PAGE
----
“If we had our brothers and the world was perfect, we could go to the end Sandman: Overture [a prequel to the series published in 2013], which oddly would be the beginning of episode 1 again,” says Gaiman. “And we can do a lot of side stories and interesting byways and diversions along the way.”

That could mean that — if the Netflix renewal gods allow it — sandman runs for a while, tracing the arc of the comic and also making time for the odd episodic or self-contained adventure. While Season 1 took time for occasional excursions away from the central story, it was mostly limited to focusing on Dream’s return to Dreaming and accommodating any changes. But as the comics progressed, there was less emphasis on the overall arc of the story and more on the small, almost vignette-like chapters of Dream’s Journeys. If it’s Netflix sandman resembles, then surely there are many places for it sandman walk.

Will Rose Walker star in Sandman season 2?

Fiddler's Green leaned over Rose and smiled at her

Image: Netflix

The dollhouse arc in the comics isn’t the last we see of Rose Walker, nor is it the last we see of Lyta Hall and her dream baby. Though the show rearranged the storylines a bit to fit the season’s arc, it seems likely they could return in Season 2 (or beyond).

Who is the “lost one” that Dream, Desire and Despair keep talking about?

Although the Endless are all related, it seems there is one that stands out from the crowd and is referred to only as “Prodigal” by Dream and his siblings.

The answer is played slowly sandman Season 1; Apart from a few mentions, we get little details. But the comic (of course) has the answers.

[Ed. note: Book spoilers below.]

The Prodigal refers to Destruction coming after Dream. (Dream isn’t the eldest of his siblings, of course, although he has all the seriousness of an older child.) He earned the nickname for being the only Endless child to give up his duties. As Neil Gaiman wrote in the comic book companion, the Endless don’t have names so much as titles that describe their actions. Since Destruction has left his post, he is now the “Lost” as he is non-functional.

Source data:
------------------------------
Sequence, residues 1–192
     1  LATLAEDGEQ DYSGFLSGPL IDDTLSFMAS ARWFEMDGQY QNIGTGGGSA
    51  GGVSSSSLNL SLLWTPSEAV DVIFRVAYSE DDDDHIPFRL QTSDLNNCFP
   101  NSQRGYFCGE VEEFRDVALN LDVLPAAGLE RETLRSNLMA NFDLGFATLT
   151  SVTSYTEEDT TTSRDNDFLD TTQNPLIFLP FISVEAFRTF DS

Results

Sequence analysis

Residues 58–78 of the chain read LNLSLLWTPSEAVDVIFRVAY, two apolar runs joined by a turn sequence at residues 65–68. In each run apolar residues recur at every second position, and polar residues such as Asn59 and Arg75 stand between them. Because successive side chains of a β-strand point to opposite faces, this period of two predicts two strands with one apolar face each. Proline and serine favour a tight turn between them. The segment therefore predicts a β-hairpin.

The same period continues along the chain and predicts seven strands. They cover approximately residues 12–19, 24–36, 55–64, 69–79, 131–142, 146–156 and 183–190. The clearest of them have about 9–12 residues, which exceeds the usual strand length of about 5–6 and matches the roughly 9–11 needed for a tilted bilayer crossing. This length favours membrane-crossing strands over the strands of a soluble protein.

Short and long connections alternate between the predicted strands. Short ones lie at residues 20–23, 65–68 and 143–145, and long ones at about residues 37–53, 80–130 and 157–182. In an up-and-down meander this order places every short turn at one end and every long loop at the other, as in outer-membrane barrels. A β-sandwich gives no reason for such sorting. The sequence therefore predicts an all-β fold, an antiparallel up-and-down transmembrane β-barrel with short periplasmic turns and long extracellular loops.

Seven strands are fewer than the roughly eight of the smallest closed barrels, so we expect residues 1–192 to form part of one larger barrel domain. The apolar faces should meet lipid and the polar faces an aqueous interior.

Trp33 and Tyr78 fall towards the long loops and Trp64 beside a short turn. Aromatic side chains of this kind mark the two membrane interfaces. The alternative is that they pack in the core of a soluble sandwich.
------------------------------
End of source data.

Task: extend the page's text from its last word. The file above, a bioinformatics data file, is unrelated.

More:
Of course, the root of the word certainly suggests some judgment on the part of the remaining Endless siblings, as opposed to a mere abandonment of duty. Finally, the parable of the “prodigal son” specifically refers to someone leaving home and spending resources at “reckless” levels. There might be a little resentment there as they rule their respective realms. The Endless: They are just like us.

How many infinites are there? Will we meet them all?

Dream talks to Lucienne while Matthew is on the floor between them

Image: Netflix

There are seven endless children! Although we have only met a few so far. To make them easy to tell apart, they all have names that start with D. In order of age they are: Destiny, Death, Dream, Destruction, Desire, Despair, and Delirium (formerly known as Delight).

Of these we have met death, dream, desire and despair. But in his confrontation with Desire, Dream alluded to a division of power between them, implying that he, Destiny, and Death were strong (and united) enough to keep the others in check.

What was the deal Dream made with Shakespeare?

We won’t see it on the show — not yet. But in the comics, the realm of Dream isn’t just “dreams” as we know them in our sleep; it’s more creation itself, every possible dream world that could be dreamed up. That’s how Dream met the Justice League, and how Will “Shakesbeard” Dream of the Endless might have something to offer.

Also, in the comic, we know what’s happening. [Ed. note: Another small book spoiler coming up here.] Dream gave the bard the gift of writing immortal stories and in turn commissioned two plays from him: A Midsummer Night’s Dream (in honor of the actual Unseelie Court) and The storm. Netflix’s The Sandman Season 1 ending explained

Charles Jones